Introduction

A confusion matrix in machine learning or ML is a method for summing up the presentation of a classification algorithm. Classification precision alone can be deluding on the off chance that you have an inconsistent number of perceptions in each class or if you have multiple classes in your dataset.

Computing a confusion matrix can give you a superior thought of what your classification model is getting right and what sorts of mistakes it is making.

  1. What the confusion matrix is and why you need it?
  2. Other Important Terms
  3. Why you need a Confusion matrix?
  4. How to calculate Confusion Matrix

1) What the confusion matrix is and why you need it?

A confusion matrix is a presentation estimation procedure for ML classification. It is a sort of table that causes you to know the exhibition of the classification model on a collection of test data for that the true values are known. The term confusion matrix itself is exceptionally basic, yet its connected wording can be a bit complicated.

The classification matrix is a convenient tool for the assessment of statistical models and is now and again alluded to as a confusion matrix. A classification matrix is a significant tool for surveying the consequences of forecast since it makes it straightforward and represents the impacts of wrong expectations.

Actual Values

Predicted Values
PositiveNegative
PositiveTrue PositiveFalse Positive
NegativeFalse NegativeTrue Negative

Confusion matrix interpretation:

  1. True Positive and Interpretation: It’s true and you predicted positive.
  2. False Positive and Interpretation: It’s false and you predicted positive.
  3. True Negative and Interpretation: It’s true and you predicted negative.
  4. False Negative and Interpretation: It’s false and you predicted negative.

2) Other Important Terms:

  1. True Positive/Recall/Sensitivity Confusion Matrix: Sensitivity Confusion Matrix equal to True Positive divided by True Positive & False Negative.
  2. True Negative/Specificity Confusion MatrixSpecificity Confusion Matrix equal to True Negative divided by True Negative & False Positive.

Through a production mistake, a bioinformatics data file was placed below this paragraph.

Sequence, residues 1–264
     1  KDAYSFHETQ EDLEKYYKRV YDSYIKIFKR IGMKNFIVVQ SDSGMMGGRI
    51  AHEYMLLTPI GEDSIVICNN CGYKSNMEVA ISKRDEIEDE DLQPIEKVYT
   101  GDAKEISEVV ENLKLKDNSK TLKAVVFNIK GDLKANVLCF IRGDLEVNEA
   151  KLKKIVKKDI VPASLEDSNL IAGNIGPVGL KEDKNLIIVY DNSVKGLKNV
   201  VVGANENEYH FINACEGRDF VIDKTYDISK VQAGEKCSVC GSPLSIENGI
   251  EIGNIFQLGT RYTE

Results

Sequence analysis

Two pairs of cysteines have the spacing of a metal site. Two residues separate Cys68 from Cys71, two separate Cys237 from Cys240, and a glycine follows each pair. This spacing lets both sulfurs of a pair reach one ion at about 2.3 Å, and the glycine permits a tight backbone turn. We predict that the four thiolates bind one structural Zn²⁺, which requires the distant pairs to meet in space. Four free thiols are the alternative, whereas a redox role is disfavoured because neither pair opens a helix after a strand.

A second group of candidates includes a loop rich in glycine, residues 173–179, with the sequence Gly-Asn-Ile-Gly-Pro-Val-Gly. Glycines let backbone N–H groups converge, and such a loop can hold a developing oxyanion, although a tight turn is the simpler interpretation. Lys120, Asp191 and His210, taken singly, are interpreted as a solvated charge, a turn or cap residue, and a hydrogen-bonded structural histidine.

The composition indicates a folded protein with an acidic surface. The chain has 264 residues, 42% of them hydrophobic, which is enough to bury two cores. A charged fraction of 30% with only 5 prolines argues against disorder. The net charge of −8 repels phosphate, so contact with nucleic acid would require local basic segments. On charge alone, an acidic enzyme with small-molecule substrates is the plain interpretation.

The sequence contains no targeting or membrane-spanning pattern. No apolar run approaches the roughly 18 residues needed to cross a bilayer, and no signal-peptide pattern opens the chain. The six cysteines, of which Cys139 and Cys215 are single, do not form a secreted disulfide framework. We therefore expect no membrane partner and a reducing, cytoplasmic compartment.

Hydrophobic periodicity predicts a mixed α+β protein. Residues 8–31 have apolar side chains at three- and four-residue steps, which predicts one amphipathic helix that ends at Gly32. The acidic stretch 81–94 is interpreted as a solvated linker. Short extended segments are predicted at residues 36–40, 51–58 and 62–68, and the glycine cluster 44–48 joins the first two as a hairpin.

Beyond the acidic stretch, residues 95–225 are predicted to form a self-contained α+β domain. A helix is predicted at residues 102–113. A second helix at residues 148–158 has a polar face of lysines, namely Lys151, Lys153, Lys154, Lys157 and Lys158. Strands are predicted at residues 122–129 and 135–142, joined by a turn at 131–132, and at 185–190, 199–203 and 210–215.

3. Positive Predictive/Precision Confusion MatrixPrecision Confusion Matrix equal to True Positive divided by True Positive & False Positive.
  4. False Positive: False Positive Confusion Matrix equal to False Positive divided by False Positive & True Negative.

3) Why you need a Confusion matrix?

Here are the advantages of utilizing a confusion matrix:

  1. It gives knowledge not just into the errors which are made by a classifier yet to addition mistakes that are being made.
  2. Each row of the confusion matrix addresses the occasions of the real class.
  3. Each column of the confusion matrix addresses the cases of that anticipated class.
  4. This breakdown encourages you to defeats the impediment of utilizing classification precision alone.
  5. The confusion matrix does not just give you knowledge into the mistakes being made by your classifier yet also the kinds of errors that are being made.
  6. It shows how any classification model is confused when it makes forecasts.

4) How to calculate Confusion Matrix

Here, is a step-by-step measure for figuring a confusion matrix:

  1. In the first place, you need to test the dataset with its normal result esteems.
  2. Anticipate all the lines in the test dataset.
  3. Compute the normal predictions and outcomes:

i.) The sum of the correct expectations for each class.

ii.) The sum of incorrect expectations of each class.

Here, is a step-by-step measure for figuring a 2 Class Confusion Matrix:

We should imagine we have a two-class classification issue of predicting whether a photo contains a cat or a dog. 

We have a test dataset of ten records with anticipated results and a set of expectations from our classification algorithm.

                                                                           Confusion Matrix Table

ExpectedPredicted
CatDog
CatCat
DogDog
CatCat
DogCat
DogDog
DogDog
DogCat
CatDog
CatCat

The algorithm made 6 of the 10 predictions correct with an exactness of 60%.

Accuracy = Total Correct Predictions divided by Total Predictions made multiplied by 100

Accuracy = 6/ 10 * 100

Be that as it may, what sort of mistakes were made? 

We should transform our outcomes into a confusion matrix.

In the first place, we should ascertain the number of correct predictions for each class:

Computation of correct predictions:

  1. Cat classified as Cat: 3
  2. Dog classified as Dog: 3

Computation of incorrect predictions:

  1. Cat classified as Dog: 2
  2. Dog classified as Cat: 2

                                                                                         2-class confusion matrix:

CatDog
Cat32
Dog32

Confusion matrix above answer:

  1. The total actual cat in the matrix is the sum of the cat column (3 3)
  2. The total actual dog in the matrix is the sum of the dog column (2 2)
  3. Correct value in a diagonal line of the matrix (3 2)

The use of a confusion matrix is to depict the exhibition of a classification model on a bunch of test data for which the true values are known. The confusion matrix itself is generally easy to see, yet the connected phrasing can be complex.

Confusion matrix sklearn:

  1. Expected = [10, 10, 20, 10, 20, 20, 10, 20, 20, 20]
  2. Predicted = [10, 20, 20, 10, 20, 20, 10, 10, 10, 20]
  3. results = confusion_matrix (expected, predicted)
  4. print (results)

Confusion matrix array:

[[4 2]

[1 3]]

Conclusion

Confusion Matrix is very useful for measuring the AUC-ROC Curve, Accuracy, Specificity, Precision, and Recall. The confusion matrix presents the manners by which your classification model is confused when it executes predictions.

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